Monthly Archives: August 2010
Dana Milbank writes for the Washington Post and I enjoy his work.
So now you can too.
Civil rights’ new ‘owner’: Glenn Beck
by: Dana Milbank
Sunday, August 29, 2010
There is a telling anecdote in Glenn Beck’s 2003 memoir about how the cable news host was influenced by the great fantasist Orson Welles. To travel between performances in Manhattan, Beck recounts, Welles hired an ambulance, sirens blaring, to ferry him around town — not because Welles was ill but because he wanted to avoid traffic.
Most of us would regard this as dishonest, a ploy by the self-confessed charlatan that Welles was. Beck saw it as a model to be emulated. “Welles,” he writes, “inspired me to believe that I can create anything that I can see or imagine.”
I was reminded of Beck’s affection for deception as he hyped his march on Washington — an event scheduled for the same date (Aug. 28) and on the same spot (the Lincoln Memorial) as Martin Luther King Jr.’s iconic march 47 years ago. Beck claimed it was pure coincidence, but then he made every effort to appropriate the mantle of the great civil rights leader.
Beck as the fulfillment of Dr. King’s dream? And you thought “War of the Worlds” was frightening.
It’s been just over a year since Beck famously called the first African American president a “racist” with a “deep-seated hatred for white people.” And now, accused of racial pot-stirring, he apparently has determined that the best defense is to be patently offensive.
“Blacks don’t own Martin Luther King,” he tells us, any more than whites own Lincoln or Washington. “The left” doesn’t own King, either, he says.
No, Beck owns King. “This is the moment, quite honestly, that I think we reclaim the civil rights movement,” he said this spring. “We are on the right side of history. We are on the side of individual freedoms and liberties and, damn it, we will reclaim the civil rights moment. We will take that movement because we are the people that did it in the first place.”
We are? Let’s review Beck’s history as a civil rights pioneer, a history I’ve studied while writing a book about Beck.
When Beck was a radio host in Connecticut in the 1990s, his station apologized for an on-air skit in which Beck and his partner mocked an Asian American caller and used their version of an Asian accent. As a CNN host a couple of years ago, Beck interviewed Rep. Keith Ellison (D-Minn.), the first Muslim elected to Congress, and challenged him to “prove to me that you are not working with our enemies.”
President Obama, who Beck says was elected because he isn’t white, is “moving all of us quickly in slavery,” Beck has asserted. On his radio show, he declared that “you don’t take the name Barack to identify with America. . . . You take the name Barack to identify with . . . the heritage, maybe, of your father in Kenya, who is a radical.” He accused Obama of seeking “reparations” from white America, seeking to “settle old racial scores.”
Beck has spoken on air about “radical black nationalism” in the White House and “Marxist black liberation theology” influencing Obama. He has further determined that the New Black Panthers have “ties to the White House in a myriad of ways” and are part of Obama’s “army of thugs.”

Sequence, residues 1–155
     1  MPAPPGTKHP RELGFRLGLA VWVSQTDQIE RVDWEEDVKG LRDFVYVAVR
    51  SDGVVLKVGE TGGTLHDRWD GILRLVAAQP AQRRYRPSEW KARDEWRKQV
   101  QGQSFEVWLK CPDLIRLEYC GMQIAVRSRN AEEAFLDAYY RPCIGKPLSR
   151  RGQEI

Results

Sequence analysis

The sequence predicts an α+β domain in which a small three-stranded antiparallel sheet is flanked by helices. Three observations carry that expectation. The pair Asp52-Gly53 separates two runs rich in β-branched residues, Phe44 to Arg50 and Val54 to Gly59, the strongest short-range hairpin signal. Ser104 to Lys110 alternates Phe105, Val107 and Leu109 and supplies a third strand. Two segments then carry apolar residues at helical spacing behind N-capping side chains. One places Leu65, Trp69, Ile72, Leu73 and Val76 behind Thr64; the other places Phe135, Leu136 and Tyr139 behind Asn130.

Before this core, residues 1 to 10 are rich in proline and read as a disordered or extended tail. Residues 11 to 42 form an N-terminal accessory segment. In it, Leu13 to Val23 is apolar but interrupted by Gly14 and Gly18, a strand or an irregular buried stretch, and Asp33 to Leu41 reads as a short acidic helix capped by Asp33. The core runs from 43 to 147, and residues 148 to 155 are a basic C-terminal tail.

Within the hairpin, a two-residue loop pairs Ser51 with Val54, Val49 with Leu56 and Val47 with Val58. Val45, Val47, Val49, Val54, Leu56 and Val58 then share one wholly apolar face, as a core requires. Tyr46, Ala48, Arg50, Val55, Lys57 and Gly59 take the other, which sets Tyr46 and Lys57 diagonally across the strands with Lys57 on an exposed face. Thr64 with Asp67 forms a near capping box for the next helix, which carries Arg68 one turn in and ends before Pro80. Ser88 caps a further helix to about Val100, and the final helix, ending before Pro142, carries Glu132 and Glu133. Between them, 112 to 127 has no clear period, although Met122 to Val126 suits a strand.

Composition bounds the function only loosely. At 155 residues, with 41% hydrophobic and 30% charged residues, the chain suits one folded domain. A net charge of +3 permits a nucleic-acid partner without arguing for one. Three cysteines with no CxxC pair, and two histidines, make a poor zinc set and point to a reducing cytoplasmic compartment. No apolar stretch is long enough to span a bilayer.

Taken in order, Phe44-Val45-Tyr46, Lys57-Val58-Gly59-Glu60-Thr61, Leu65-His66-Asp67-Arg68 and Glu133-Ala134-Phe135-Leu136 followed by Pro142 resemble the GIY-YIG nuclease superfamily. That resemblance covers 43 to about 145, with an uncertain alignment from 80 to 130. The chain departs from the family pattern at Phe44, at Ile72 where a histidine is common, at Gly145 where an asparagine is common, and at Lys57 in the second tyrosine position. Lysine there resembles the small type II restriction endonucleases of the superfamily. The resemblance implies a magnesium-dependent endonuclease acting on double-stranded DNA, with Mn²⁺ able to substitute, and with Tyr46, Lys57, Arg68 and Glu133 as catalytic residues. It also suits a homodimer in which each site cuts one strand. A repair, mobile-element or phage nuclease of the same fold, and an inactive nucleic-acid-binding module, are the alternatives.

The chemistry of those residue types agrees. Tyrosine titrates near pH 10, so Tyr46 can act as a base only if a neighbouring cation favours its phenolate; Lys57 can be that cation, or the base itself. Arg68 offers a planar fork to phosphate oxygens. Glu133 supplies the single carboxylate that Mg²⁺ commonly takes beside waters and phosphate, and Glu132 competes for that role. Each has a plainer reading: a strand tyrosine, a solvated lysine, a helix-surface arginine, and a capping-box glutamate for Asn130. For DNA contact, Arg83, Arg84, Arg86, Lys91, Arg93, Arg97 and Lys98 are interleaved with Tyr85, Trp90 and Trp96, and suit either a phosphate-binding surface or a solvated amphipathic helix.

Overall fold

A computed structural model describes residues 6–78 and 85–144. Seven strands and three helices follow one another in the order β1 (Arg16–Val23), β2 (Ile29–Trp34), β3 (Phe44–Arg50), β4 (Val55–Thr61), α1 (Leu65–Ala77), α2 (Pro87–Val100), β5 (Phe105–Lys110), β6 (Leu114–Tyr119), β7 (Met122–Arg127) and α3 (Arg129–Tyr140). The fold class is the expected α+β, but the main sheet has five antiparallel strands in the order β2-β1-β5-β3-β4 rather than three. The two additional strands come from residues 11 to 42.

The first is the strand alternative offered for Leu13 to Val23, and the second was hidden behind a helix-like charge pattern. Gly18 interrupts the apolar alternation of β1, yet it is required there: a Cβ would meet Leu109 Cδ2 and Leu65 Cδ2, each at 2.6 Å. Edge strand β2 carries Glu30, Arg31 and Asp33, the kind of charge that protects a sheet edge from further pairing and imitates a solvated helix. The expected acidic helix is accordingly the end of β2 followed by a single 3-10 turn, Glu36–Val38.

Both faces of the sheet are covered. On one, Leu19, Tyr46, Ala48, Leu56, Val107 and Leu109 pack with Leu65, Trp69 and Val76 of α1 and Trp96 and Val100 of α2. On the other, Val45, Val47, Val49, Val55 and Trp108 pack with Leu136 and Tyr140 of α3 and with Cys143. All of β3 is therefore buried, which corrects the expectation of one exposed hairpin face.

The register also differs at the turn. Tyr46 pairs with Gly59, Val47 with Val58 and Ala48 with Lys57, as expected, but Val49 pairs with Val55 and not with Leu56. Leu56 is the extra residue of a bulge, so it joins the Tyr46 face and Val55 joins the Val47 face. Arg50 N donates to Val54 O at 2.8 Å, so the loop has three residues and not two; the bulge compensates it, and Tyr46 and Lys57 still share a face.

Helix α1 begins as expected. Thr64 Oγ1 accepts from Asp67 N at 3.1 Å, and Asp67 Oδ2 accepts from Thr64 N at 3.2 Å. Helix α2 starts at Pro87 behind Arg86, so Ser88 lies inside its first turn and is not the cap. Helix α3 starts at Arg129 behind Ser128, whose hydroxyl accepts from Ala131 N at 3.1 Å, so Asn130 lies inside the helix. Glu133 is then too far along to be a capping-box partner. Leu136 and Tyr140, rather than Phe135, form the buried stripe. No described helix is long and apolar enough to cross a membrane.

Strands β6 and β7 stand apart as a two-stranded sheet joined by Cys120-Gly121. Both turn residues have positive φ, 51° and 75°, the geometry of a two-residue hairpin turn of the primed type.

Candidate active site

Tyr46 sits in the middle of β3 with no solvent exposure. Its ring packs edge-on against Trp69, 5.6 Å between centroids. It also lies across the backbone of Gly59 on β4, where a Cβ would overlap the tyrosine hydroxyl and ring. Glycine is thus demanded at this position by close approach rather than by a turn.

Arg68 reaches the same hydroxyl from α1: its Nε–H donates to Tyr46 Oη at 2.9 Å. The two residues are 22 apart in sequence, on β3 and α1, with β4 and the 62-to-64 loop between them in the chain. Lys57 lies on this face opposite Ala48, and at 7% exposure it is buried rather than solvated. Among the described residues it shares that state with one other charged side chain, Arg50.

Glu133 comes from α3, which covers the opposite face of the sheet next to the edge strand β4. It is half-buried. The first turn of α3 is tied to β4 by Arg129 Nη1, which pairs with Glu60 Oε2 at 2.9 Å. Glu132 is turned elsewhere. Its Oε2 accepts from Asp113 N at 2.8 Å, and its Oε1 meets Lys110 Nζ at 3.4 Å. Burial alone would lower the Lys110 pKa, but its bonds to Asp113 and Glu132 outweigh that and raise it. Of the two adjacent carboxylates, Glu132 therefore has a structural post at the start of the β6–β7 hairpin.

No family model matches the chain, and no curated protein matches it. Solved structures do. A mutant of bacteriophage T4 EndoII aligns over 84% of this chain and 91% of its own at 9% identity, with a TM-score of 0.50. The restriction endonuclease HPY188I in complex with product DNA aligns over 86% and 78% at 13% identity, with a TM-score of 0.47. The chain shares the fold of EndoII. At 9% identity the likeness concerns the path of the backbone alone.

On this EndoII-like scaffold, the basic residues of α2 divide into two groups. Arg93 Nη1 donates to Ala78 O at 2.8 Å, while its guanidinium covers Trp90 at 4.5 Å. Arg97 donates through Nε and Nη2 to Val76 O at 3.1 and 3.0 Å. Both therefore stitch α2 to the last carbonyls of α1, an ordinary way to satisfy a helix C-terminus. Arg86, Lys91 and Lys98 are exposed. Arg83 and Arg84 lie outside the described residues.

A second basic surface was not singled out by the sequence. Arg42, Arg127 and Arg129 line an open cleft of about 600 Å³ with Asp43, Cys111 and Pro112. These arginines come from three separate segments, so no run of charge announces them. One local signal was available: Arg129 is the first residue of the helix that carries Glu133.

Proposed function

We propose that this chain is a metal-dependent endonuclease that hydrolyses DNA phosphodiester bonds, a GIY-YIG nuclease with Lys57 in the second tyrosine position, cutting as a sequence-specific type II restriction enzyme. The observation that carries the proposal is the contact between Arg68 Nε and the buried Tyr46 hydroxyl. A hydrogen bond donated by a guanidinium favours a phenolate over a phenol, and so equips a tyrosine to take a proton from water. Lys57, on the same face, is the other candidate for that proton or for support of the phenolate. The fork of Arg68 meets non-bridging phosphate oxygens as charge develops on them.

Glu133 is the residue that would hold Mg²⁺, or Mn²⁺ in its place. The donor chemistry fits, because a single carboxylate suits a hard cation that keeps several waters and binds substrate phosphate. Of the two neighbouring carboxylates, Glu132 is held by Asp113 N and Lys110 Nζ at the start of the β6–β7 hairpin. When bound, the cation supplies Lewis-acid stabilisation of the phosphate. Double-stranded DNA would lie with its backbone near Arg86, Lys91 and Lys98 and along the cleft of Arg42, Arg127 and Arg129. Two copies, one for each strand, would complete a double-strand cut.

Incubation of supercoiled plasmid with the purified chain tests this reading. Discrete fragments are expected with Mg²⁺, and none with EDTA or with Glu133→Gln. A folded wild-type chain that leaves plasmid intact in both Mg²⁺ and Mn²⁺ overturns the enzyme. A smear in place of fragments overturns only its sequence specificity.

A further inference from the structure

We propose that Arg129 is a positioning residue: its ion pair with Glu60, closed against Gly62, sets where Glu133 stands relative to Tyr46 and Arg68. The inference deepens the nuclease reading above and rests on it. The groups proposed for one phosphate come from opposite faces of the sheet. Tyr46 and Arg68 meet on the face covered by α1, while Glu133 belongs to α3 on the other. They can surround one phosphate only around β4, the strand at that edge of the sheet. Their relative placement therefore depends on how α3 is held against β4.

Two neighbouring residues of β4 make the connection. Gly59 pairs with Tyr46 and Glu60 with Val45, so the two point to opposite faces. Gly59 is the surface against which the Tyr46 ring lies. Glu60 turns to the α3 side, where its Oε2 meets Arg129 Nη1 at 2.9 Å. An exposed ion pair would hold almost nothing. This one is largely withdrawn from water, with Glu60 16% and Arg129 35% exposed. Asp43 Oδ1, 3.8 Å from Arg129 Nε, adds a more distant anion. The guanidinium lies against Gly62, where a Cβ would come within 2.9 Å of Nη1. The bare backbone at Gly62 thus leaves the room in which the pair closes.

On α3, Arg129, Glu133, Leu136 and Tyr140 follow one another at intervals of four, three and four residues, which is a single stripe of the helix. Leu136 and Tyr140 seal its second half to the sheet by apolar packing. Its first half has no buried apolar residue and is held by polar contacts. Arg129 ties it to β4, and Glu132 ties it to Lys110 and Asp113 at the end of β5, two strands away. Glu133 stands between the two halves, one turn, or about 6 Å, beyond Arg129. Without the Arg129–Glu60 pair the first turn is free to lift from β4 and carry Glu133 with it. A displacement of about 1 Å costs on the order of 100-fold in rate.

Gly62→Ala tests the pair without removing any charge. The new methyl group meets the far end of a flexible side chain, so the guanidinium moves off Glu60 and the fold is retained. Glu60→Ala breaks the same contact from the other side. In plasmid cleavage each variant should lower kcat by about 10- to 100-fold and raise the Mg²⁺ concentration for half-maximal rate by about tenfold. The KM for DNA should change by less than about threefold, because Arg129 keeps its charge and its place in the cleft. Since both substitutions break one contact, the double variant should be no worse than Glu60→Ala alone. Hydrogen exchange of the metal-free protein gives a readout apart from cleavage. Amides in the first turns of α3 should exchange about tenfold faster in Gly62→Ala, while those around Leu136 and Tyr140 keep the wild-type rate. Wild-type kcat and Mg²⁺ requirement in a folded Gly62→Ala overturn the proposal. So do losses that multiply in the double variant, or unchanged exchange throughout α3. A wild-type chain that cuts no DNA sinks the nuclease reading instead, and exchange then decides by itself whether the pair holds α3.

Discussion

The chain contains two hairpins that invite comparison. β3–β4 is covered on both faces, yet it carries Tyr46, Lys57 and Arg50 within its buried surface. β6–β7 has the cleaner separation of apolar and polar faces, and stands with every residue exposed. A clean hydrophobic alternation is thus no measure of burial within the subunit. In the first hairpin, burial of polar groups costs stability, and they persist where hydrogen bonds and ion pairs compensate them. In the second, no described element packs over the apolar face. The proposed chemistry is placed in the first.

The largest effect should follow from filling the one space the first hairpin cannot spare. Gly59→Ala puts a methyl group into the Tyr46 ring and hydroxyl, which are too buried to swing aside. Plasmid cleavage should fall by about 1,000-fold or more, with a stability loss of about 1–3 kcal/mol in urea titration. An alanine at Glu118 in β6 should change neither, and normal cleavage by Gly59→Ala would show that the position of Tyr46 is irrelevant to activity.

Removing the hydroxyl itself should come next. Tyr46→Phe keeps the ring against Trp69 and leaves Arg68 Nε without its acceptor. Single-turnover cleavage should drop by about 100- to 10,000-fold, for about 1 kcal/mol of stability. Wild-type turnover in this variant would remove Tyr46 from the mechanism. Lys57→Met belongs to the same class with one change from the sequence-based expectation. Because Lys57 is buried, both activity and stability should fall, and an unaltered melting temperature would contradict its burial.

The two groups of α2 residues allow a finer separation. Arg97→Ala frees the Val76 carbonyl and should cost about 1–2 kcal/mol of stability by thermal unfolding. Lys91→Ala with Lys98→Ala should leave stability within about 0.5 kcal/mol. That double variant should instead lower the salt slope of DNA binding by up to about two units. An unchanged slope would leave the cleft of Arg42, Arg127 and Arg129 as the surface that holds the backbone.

This is not quite the ideal background for a man who would claim to be King’s heir — and that’s where Orson Welles comes in.
Second, he invoked some selective history, using his Fox News show to deliver a three-part series updating the history of the civil rights movement. “How has the Democratic Party assumed the mantle of defender of minorities, if you know their early history?” he asked. “Dating to Andrew Jackson — this is the 17th century . . . .”
Seventeenth century, 19th century, whatever. He informed viewers that “it was the GOP that took the lead on the civil rights” cause.
Finally, Beck updated the meaning of the civil rights movement so that it is no longer about black people; it is about protecting anti-tax conservatives from liberals. Civil rights leaders, he said, “purposely distorted Martin Luther King’s ideas.” Over the past century, Beck reasons, “no man has been free, because we’ve been progressive.” To his followers, he says: “We are the people of the civil rights movement.”
All that is left is for Beck to drive around town by ambulance.
Dana Milbank’s book, “Tears of a Clown: Glenn Beck and the Tea Bagging of America,” will be published Oct. 5.
HERE IS A LINK TO THE ORIGINAL ARTICLE
PANAMA CITY — A Congressional candidate told local high school and middle school students Tuesday that Islam’s plan is to destroy the American way of life.
“I’m totally against it. If I had my way, it would pretty much be over my dead body,” said Ron McNeil, a candidate for the U.S. House District 2 seat, who was referring to a controversial plan to build an Islamic center and mosque near Ground Zero in New York City. “That religion is against everything America stands for. If we have to let them build it, make them build it nine stories underground, so we can walk above it as citizens and Christians.”
Some people in the audience applauded McNeil’s response. However, one student appeared up-set and asked McNeil what gave him or the federal government the right to tell an American that they can’t build an institution.
“This religion’s plan is to destroy our way of life,” McNeil said.